What We Can Learn From The Forward’s Woes
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Editorial

What We Can Learn From The Forward’s Woes

Our relationship with The Forward over the years has been both competitive and collegial. We vie for many of the same readers and advertisers, yet we feel a bond and kinship with fellow journalists who care about Jewish life.

On learning that after 121 years The Forward will cease its print publications in English and Yiddish and significantly reduce its editorial staff, including its talented top editors, we were saddened though not surprised (See story here).

These have been calamitous times as many storied media organizations have gone under, faced with economic challenges and a younger generation raised on receiving news (and so much else) for free. Add to the mix an increase in the distancing of young Jews from religious and communal affiliations and you — make that “we” — must contend with convincing the community that applying a Jewish lens, in terms of history, heritage and values, to vital issues of the day can be informative and enriching.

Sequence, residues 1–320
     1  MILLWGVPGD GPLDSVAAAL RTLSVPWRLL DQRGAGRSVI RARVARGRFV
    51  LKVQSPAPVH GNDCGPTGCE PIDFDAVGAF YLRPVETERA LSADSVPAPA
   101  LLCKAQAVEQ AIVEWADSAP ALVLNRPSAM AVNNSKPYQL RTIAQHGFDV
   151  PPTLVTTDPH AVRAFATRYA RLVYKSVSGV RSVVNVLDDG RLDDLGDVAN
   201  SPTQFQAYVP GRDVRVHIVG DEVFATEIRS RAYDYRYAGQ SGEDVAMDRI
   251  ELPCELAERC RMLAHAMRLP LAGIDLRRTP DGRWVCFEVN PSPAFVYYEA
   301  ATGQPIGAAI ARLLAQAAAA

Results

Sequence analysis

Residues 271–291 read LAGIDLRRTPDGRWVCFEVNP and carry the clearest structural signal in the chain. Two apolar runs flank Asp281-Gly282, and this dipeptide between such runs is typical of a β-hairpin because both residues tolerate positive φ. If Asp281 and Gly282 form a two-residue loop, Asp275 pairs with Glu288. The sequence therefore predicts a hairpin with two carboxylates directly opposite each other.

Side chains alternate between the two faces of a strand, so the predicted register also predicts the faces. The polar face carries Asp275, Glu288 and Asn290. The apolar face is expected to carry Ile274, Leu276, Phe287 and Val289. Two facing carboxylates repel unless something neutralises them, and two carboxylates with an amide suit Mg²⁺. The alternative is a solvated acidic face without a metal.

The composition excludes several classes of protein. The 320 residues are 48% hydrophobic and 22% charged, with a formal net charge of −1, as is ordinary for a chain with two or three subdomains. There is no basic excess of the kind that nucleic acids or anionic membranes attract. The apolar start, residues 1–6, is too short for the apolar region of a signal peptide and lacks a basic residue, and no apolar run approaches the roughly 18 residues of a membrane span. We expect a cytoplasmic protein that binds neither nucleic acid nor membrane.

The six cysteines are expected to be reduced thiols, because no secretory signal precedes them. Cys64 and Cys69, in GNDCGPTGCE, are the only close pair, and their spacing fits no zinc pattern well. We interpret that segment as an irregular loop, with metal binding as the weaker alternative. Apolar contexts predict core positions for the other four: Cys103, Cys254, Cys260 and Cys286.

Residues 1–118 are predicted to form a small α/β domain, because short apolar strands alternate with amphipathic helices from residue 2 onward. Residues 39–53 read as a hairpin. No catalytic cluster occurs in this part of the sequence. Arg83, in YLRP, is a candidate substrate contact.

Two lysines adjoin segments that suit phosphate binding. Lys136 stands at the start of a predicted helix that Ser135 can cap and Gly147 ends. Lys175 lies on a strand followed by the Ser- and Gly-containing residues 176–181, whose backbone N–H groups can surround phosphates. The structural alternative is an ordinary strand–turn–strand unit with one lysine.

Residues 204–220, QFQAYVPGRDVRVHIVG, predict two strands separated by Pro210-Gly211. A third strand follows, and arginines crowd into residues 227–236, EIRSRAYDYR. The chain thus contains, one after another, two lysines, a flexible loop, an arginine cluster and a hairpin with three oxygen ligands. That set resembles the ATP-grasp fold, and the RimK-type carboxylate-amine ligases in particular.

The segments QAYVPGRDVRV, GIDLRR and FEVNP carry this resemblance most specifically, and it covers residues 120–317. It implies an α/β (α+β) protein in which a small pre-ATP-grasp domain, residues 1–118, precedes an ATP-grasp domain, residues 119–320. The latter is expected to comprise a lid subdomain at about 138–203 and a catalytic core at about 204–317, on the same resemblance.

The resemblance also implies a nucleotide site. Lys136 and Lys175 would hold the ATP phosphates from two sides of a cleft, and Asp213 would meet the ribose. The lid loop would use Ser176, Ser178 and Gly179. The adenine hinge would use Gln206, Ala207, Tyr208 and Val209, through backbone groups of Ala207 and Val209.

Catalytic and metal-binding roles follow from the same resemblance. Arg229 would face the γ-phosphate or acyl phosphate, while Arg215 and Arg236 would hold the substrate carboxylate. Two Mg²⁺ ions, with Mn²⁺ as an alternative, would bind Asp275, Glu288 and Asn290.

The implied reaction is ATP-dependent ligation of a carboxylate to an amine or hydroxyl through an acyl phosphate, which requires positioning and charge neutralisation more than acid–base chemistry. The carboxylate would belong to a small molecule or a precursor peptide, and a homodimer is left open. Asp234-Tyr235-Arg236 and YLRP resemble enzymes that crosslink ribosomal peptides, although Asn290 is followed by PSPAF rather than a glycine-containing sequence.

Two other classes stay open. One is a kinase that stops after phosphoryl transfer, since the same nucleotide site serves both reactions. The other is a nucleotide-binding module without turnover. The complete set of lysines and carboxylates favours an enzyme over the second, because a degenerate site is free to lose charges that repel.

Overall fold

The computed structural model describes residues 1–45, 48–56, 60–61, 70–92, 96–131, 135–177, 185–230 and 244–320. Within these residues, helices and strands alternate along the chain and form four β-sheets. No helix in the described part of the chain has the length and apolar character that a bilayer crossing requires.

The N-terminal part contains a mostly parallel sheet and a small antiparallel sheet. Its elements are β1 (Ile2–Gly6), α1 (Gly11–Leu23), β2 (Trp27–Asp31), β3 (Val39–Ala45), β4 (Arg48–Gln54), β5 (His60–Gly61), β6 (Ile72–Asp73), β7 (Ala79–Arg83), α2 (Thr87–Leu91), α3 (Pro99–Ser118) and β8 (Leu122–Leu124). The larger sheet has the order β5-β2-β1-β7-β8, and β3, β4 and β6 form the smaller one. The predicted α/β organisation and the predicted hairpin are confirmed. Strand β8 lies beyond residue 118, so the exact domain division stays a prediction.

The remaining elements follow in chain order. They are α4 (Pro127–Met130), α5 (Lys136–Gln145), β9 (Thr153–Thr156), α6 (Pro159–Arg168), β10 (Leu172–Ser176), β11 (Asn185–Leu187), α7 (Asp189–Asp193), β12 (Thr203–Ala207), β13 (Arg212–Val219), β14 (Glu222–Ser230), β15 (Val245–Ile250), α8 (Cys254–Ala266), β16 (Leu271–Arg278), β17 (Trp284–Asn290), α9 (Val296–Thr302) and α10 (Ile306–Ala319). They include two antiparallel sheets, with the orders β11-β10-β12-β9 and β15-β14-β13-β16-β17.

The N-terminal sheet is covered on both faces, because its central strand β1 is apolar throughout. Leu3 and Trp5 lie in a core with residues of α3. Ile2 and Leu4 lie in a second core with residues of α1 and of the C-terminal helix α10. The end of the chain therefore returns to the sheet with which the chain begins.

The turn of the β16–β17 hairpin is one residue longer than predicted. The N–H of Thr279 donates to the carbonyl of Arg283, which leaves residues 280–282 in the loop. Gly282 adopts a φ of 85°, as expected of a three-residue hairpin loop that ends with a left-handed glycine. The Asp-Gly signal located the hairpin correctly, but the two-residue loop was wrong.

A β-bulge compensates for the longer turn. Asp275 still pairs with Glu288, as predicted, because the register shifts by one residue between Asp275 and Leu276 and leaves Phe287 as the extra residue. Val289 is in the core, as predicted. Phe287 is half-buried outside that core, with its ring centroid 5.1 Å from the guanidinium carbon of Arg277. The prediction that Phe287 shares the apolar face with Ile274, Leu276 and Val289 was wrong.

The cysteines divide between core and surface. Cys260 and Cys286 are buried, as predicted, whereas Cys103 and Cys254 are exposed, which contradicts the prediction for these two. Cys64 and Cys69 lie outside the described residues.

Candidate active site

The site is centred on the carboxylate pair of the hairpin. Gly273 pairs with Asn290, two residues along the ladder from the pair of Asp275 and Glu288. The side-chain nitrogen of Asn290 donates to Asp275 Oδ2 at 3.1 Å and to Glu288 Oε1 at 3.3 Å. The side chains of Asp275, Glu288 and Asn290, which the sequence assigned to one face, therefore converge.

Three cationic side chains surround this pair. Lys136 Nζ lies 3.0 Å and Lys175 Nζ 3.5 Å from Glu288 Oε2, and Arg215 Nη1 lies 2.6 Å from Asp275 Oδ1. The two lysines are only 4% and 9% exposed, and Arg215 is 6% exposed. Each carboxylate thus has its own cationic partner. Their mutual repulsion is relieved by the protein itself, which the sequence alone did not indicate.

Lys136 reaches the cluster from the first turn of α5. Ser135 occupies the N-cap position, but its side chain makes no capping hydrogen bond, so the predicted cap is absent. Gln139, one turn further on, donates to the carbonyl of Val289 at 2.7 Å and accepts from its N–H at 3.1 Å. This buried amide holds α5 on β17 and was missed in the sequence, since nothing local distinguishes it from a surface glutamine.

The Jewish Week, far from immune to these challenges, informed our readers three weeks ago that we, too, face a perilous future. We are gratified for the early responses to our call for public support for the work we do now and hope to expand. And we are committed to continue to provide thoughtful, fair-minded journalism for a people whose history is rooted in open discourse and debate.

We tip our hat to The Forward, especially for its robust coverage of those who hold the levers of power in the Jewish world. Its financial troubles are yet another warning sign of the dangers not only to Jewish journalism but also to the community it serves.

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